Federal judge blocks release of 3D-printed gun plans for the time being

A federal judge in Seattle issued a restraining order Tuesday afternoon temporarily stopping the release of blueprints to make untraceable and undetectable 3D-printed plastic guns.

U.S. District Judge Robert Lasnik issued the order a day after eight states sued the government to block a settlement reached by the Trump administration last month allowing a Texas-based company, Defense Distributed, to resume online-sharing of blueprints for the 3D firearms.

The company was set to allow downloads on Wednesday, although blueprints have been posted since Friday. The temporary restraining order blocks the release until the next scheduled hearing on August 10.

Despite reaching a settlement with the company in June, President Trump seemed to have his reservations over the technology.

"I am looking into 3-D Plastic Guns being sold to the public. Already spoke to NRA, doesn’t seem to make much sense!" he tweeted ahead of Tuesday’s ruling.

White House Deputy Press Secretary Hogan Gidley told reporters that Trump “is committed to the safety and security of all Americans” and that he is supporting a “nearly two-decade old law” that makes it “illegal to own or make a wholly, plastic gun of any kind -- including those made on a 3D printer.”

NRA Executive Director Chris Cox doubled down on Tuesday, saying that despite what technology is shared online, “undetectable plastic guns have been illegal for 30 years.”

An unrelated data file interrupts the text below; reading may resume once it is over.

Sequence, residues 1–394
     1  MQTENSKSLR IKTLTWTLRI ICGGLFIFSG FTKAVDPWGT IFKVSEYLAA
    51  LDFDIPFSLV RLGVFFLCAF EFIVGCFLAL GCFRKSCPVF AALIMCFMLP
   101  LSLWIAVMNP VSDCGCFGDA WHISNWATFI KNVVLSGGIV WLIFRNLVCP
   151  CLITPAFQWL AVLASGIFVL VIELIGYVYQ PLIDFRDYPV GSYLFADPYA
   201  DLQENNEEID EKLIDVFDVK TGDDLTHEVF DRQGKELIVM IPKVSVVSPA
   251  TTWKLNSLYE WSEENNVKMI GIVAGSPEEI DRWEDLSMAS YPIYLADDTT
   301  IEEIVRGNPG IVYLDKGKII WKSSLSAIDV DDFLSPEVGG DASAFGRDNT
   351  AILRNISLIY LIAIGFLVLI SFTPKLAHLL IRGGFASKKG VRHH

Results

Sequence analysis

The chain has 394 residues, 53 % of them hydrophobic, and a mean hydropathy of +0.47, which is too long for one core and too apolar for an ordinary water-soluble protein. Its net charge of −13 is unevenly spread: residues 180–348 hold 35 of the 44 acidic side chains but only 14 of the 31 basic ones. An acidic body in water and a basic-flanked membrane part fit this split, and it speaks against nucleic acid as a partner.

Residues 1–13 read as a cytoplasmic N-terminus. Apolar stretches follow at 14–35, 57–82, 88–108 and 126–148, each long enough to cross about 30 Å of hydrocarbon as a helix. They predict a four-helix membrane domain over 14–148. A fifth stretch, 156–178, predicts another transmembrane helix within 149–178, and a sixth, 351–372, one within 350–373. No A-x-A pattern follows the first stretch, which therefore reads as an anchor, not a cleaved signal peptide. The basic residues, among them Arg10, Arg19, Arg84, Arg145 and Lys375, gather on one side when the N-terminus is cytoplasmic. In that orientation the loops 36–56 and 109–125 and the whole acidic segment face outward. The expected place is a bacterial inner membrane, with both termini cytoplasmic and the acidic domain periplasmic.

“Federal law passed in 1988, crafted with the NRA's support, makes it unlawful to manufacture, import, sell, ship, deliver, possess, transfer, or receive an undetectable firearm."

In the meantime, Congressional Democrats have urged President Trump to reverse the decision allowing Defense Distributed to publish the plans with a series of fiery statements to the media.

While the blueprints to manufacture a plastic gun using a 3D printer might be available, gun industry experts say they may not be the best options for criminals to go to the trouble of obtaining a firearm. They argue the printers needed to make the guns are very expensive, the guns themselves tend to disintegrate quickly and traditional firearms are easier to come by.

Fox News’ Adam Shaw, Bree Tracey and The Associated Press contributed to this report.